The Seven Books That Changed My Life

Kush Asher is a Jamaican storyteller and perpetual student of the film inspired by the Most High. He is based in Kingston, Jamaica but he has traveled around Africa telling stories and spent six months in Kenya making movies. He has done music videos for Grammy winners Sean Paul, Damian Marley, and Reggae legends Big Youth and the Mystic Revealers. His television work includes a fashion reality show, Mission Catwalk, and a business reality show, NCB Capital Quest (Produced by the LAB International; based in Kingston). Kush has also made a series of films with Spielworks Media, an independent film, and production company based in Kenya. His most recent project is a feature film called 50 Days in Afrika. These are the books that influenced his life and work as a storyteller.

Why Aren’t We Building Any Libraries?

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There is an old expression. “If you want to hide something from an African, hide it in a book”. The insulting stereotype aside, books do not pull rank in the average Kenyan home. With advent of digital media, good old fashion reading is quickly going out of style.

As a result, it is rarely stated that Kenya until recent times housed unique book collections.  The British Institute in Eastern Africa (BIEA) is one of the few left and has been around since 1960. It contains an enviable collection of books for those interested in humanities. The kind of information Google aggregates rarely trolls. I joined the BIEA library recently after a limit with Google. Google does not know everything.

It felt redeeming to acquire something as simple a library card. The library room was so quiet and I assumed a scholarly demeanour reminded of the labyrinth that was the University of Nairobi Jomo Kenyatta Memorial library. Rows of metallic bookshelves, in a crammed space, dusty hard backs titles that can only be scanned if you walk with your head tilted to the side hoping to run into a classic title or stumble upon some rare knowledge.

I grew up at a time when libraries were places of leisure for children and shrines for knowledge seekers. A quiet public place to reflect, ponder and gather new information. My uncle, Francis Otieno Pala, was the country’s Chief librarian and I developed an appreciation for these spaces early and nurtured the habit of life long reading. Kenya National Library Service buildings were hang outs where we could read some fine books especially the ones our parents could not afford. The only place one had a chance to read foreign comics like Tintin.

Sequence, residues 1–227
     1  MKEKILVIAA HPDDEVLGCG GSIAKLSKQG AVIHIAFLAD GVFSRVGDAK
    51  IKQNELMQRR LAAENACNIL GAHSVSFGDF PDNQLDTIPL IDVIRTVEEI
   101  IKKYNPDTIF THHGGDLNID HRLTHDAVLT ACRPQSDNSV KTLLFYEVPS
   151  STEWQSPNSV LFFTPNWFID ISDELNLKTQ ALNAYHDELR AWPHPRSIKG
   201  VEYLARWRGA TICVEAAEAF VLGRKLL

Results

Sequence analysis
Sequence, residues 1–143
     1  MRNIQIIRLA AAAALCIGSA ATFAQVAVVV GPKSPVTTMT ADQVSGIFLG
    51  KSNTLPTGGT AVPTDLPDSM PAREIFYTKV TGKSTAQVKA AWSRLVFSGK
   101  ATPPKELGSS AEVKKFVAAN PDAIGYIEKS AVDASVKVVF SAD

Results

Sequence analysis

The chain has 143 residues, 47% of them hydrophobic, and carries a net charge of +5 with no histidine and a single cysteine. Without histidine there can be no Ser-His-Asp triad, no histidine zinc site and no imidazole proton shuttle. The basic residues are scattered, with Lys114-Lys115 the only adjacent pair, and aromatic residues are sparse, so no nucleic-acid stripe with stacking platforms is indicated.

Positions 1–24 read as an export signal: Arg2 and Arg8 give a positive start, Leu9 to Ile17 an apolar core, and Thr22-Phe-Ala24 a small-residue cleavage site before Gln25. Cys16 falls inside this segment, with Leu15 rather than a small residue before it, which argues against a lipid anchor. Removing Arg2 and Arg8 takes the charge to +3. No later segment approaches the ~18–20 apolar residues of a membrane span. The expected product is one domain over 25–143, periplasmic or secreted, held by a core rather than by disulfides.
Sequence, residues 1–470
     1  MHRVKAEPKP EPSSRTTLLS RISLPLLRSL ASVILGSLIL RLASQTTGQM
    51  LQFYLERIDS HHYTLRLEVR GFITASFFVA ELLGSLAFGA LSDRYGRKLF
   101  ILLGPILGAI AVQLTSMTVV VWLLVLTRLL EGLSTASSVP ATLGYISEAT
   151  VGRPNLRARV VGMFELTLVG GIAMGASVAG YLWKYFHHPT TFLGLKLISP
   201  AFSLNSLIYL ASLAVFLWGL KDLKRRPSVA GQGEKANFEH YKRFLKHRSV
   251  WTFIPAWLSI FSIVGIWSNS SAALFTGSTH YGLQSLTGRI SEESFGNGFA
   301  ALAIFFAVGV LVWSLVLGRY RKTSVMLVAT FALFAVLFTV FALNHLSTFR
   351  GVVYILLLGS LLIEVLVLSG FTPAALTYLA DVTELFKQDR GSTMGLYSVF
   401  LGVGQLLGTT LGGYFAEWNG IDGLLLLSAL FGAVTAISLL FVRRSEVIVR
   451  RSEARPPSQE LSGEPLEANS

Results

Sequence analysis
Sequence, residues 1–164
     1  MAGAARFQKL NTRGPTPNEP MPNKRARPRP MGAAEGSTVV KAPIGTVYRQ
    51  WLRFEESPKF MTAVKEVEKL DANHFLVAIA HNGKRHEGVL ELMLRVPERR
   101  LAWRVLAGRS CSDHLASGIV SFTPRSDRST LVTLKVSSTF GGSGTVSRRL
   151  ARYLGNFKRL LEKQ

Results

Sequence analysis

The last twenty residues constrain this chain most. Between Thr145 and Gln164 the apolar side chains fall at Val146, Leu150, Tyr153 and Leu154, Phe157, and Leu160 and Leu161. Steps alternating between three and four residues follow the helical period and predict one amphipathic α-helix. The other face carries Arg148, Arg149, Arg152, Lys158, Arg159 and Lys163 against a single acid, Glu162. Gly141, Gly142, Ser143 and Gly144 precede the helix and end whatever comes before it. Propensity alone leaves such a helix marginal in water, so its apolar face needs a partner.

When I was in college, I spent my first year, working part time in the Uni library. The pay was dismal and pushing a cart, picking up books and re shelving them once students were done was in no way cool. But the access was incredible. I learnt how to catalogue, find rare books, which gave me an edge in exploring other libraries I would visit later. After college, I joined a small discussion group that kept a private library. The subjects were varied and I gained access to alternative reading mostly on Eastern philosophy and New Age topics. The joy of borrowing and reading any book I desired was to become a cherished privilege.

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Reading for leisure is a forgotten pleasure, fading, swallowed and lost to our saturated information age. The public library is as endangered as the African elephant. In the digital era, libraries get slandered as a waste of space by those who never appreciated reading. The last library that I had membership to, is facing threat of closure. It was housed in a members club but questions about its diminished income generating potential have been raised and now there is talk of its “sustainability”, a Kenyan euphemism for any public entity that is incapable of generating profit for the vested interests.

In our time strapped world, a leisurely stroll to the library or leisurely reads for that matter are rare occurrences. Libraries at best are a place to chop and cram text just before a final exam. Books represent labor, regimented study and a burden one bears on the rugged long road to secure employment. Reading is serious business and the socialization around books has been very sterile. Books are not sexy. No book is considered worthy until it is turned into a movie. There are akin to instructional manuals to be thrown away after school and on a good day, recycled as jiko fuel.

The prevailing narrative is that their time is up and we could save a lot of trees if we condensed books into digital files, distributed e-readers and shared e-books. Digitization of books is touted as all about convenience and profits.

School boards would prioritize a school bus over a library any day. It is simple economics. You cannot hire out a library. Libraries do not bring income.

It is not just libraries that suffer. Public services are in rapid decline. The neighbourhood kiosk. The open market. Free theatre. The estate sports ground. Social halls. Public parks. Privatization of social services has become the norm. There is an urgent need to displace paper books with the next hot thing yet many children continue to grow up scared of reading.

Which is a crying shame. Libraries are not only about the books. They have a social function. A place to exchange ideas and gain knowledge for free. An open source learning facility for those who could not afford books. Where no one is denied the right to read for the simple reason that they could not afford to buy a book. In the long run, it is a lot cheaper to maintain a public library than to re educate an ignorant nation.